The International Society of Aesthetic Plastic Surgery (ISAPS) today released the results of their annual Global Aesthetic Survey for procedures completed in 2017, which showed an overall increase of 5% in surgical cosmetic procedures within the past twelve months.
The top five countries – USA, Brazil, Japan, Mexico and Italy – account for 38.4% of the world’s cosmetic procedures, followed by Germany, Colombia and Thailand.
When pharmaceutical company Allergan, the maker of Botox and Juvederm, decided to launch its first editorial content site, TheSpotlyte.com, in mid-September, the goal was to create a halo effect for readers interested in learning more about cosmetic beauty procedures and the medical-aesthetics industry at large.
The digital educational content-meets-provider opportunity Spotlyte has banked on is also becoming more important for community-based review website RealSelf.com.
About seven years have passed since breast cancer survivor Suzanne Somers underwent an experimental reconstruction procedure following a lumpectomy. Now an intimate health update from the former “Three’s Company” star has left many fans wondering whether her miracle results are for real.
“This is a regrown breast,” the 71-year-old said of her resilient bosom at a Beverly Hills fund-raiser last weekend. “This is really mine.”
You’ve been wanting to change your looks with a cosmetic procedure forever — say, a nose job or a tummy tuck — but you can’t afford to pay for it in full. That makes you wonder: Would it really be so bad to put it on a credit card and pay it off over time?
While the financial costs of such a decision often outweigh the benefits, there’s no one-size-fits-all answer. Assuming the procedure is medically advisable, start by evaluating your financial situation and options. And if you’re sure you want to borrow on plastic, do all you can to avoid the negative side effects of high interest rates and out-of-control balances.
Before a plastic surgery procedure, a doctor will often use a marker to outline the exact areas of the body going under the knife.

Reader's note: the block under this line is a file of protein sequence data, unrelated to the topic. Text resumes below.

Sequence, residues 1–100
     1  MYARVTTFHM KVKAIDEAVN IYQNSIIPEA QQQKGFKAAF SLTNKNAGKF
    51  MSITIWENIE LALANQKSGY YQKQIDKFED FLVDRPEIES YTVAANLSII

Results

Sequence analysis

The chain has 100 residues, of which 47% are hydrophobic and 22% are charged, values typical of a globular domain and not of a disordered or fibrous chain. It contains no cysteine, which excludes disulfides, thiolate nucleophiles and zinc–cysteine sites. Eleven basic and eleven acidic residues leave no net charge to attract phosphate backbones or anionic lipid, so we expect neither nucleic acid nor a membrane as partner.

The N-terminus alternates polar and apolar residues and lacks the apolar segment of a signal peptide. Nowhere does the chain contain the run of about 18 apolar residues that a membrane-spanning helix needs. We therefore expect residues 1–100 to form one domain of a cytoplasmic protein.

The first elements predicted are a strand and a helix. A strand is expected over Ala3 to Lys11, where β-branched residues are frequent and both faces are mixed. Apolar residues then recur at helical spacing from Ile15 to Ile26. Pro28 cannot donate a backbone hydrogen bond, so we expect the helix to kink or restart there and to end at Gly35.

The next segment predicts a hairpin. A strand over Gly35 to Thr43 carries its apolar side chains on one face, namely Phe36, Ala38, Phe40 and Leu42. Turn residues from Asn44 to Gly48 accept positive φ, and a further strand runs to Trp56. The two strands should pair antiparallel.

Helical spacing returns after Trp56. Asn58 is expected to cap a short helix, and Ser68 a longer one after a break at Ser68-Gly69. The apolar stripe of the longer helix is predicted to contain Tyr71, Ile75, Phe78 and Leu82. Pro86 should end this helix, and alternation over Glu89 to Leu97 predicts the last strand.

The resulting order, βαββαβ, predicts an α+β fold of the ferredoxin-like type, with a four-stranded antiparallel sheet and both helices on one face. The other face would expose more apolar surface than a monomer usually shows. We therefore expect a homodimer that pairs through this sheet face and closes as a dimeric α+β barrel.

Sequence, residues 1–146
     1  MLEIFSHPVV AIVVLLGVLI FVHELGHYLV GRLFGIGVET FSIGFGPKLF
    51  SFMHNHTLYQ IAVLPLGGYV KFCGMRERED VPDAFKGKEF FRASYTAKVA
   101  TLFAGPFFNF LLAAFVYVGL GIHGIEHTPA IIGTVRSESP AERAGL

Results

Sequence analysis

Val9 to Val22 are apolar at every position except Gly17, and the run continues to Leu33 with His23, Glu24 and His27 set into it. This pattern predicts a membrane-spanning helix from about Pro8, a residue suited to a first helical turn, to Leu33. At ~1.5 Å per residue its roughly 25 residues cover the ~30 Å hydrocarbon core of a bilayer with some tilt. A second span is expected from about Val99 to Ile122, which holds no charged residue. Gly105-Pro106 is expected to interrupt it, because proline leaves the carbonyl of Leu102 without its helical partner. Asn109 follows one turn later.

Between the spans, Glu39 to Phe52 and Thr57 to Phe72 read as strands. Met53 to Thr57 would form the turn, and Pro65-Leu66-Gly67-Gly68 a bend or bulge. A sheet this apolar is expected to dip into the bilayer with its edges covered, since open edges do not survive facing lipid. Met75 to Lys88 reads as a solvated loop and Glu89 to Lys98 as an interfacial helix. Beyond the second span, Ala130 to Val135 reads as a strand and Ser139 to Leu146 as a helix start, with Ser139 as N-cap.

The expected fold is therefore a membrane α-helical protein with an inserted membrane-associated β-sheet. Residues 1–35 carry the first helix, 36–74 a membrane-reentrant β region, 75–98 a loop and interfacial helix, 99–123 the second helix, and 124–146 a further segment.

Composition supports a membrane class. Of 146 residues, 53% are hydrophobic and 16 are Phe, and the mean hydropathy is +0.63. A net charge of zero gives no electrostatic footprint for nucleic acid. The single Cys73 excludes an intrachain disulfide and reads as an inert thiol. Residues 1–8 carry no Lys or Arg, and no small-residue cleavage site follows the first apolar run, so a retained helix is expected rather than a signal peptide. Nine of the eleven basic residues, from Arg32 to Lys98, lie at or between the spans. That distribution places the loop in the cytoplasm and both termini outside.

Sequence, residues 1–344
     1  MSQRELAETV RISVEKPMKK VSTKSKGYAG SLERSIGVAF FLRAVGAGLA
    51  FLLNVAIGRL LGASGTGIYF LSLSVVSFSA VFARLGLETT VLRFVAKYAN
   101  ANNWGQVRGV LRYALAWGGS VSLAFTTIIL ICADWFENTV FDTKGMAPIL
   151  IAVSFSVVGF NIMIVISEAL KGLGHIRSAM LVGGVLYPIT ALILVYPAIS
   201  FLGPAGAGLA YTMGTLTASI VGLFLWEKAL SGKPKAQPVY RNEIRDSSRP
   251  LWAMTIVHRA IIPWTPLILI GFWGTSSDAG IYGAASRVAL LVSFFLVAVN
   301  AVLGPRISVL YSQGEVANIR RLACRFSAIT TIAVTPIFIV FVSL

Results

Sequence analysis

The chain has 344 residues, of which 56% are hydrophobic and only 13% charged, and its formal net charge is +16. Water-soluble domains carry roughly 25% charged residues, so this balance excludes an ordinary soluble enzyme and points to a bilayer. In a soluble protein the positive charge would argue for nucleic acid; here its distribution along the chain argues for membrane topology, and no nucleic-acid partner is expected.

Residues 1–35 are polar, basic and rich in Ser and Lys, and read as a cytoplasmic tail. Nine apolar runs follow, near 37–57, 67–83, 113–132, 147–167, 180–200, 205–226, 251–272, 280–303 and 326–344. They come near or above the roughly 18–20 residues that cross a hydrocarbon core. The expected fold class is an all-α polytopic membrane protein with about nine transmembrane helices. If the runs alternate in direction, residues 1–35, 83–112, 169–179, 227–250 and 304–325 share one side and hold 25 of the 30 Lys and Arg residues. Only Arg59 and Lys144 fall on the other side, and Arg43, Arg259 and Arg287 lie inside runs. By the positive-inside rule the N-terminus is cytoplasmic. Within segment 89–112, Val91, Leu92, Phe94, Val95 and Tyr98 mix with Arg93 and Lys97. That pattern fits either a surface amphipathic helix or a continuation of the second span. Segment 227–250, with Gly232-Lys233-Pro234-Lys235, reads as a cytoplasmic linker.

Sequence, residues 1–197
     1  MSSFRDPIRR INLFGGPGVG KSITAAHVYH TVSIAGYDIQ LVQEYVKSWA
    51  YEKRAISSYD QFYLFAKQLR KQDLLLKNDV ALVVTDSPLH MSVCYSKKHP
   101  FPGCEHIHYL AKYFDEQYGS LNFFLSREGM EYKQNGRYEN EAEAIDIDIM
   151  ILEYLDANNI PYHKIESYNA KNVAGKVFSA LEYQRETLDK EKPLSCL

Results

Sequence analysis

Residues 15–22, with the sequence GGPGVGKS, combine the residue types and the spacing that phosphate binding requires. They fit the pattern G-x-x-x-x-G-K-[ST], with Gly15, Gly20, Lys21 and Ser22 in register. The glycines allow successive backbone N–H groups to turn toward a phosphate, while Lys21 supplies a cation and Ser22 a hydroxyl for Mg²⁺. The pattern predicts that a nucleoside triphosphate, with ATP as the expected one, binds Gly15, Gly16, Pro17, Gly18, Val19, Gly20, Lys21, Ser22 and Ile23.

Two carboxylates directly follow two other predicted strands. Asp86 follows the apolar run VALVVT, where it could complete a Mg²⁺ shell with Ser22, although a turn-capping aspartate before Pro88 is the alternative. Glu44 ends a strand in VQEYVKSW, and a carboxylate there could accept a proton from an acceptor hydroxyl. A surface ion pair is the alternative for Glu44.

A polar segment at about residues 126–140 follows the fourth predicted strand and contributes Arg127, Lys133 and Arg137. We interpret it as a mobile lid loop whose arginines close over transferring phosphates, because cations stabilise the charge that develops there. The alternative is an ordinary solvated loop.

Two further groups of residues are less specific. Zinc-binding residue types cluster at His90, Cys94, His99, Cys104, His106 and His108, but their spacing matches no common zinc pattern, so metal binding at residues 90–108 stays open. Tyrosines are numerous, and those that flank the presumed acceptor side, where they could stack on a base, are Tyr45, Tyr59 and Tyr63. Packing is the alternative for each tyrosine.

This is done for medical reasons, but it can be disturbing to see a body reduced to a diagram of dotted lines and arrows — just sections of skin to be nipped or tucked.
Sia Cooper, a fitness blogger and personal trainer based in Destin, Florida, wanted other people to understand this unpleasant reality of cosmetic surgery.
A new study regarding breast implants draws new conclusions about their overall effect on health. But according to many in the plastic surgery community, the study isn’t the full story.
Published in the Annals of Plastic Surgery, the paper—authored by plastic surgeons at University of Texas MD Anderson Cancer Center—uses data from close to 100,000 breast implant patients and is the largest study of silicone gel implants since 2006. It concludes that breast implants are associated with higher incidence of certain medical conditions
Ever considered going on holiday – and getting a little nip, tuck while you’re at it? You are definitely not alone.
From boob job breaks in Eastern Europe right through to luxury getaways offering five star treatment in some of the world’s most sought after destinations, medical tourism is increasingly popular.
Surfing is a challenging sport, and it involves a lot of paddling, push-ups, and high-impact maneuvers. Whether they’re waiting for a set or taking off on a wave, surfers are always exerting on the upper torso area.
Women that surf and submit themselves to breast augmentation are usually concerned about the timing of return to the water, as well as with the risks involved and the recommendations needed.
A surgery enthusiast and self-proclaimed Kim Kardashian lookalike has revealed that her 34JJ breasts are so big that she is unable to lie on her front and are so uncomfortable that she cannot take the tube in case someone bumps into her.
24-year-old Nadia Sofia Nahir from London is fascinated by ‘Keeping Up With The Kardashian’ star Kim. She has been very taken up with the ‘fake’ look despite the fact that her 1100cc bust prevents her from doing many things.
Before the internet, tablets and smartphones, your local GP would have been the first point of call for advice when considering cosmetic surgery and procedures. Nowadays though, ‘Dr Google’ seems to be a more popular solution.
But while a quick online perusal might seem easier when choosing a potential clinic, not all search engine outcomes lead to the most reputable (or safest) solutions.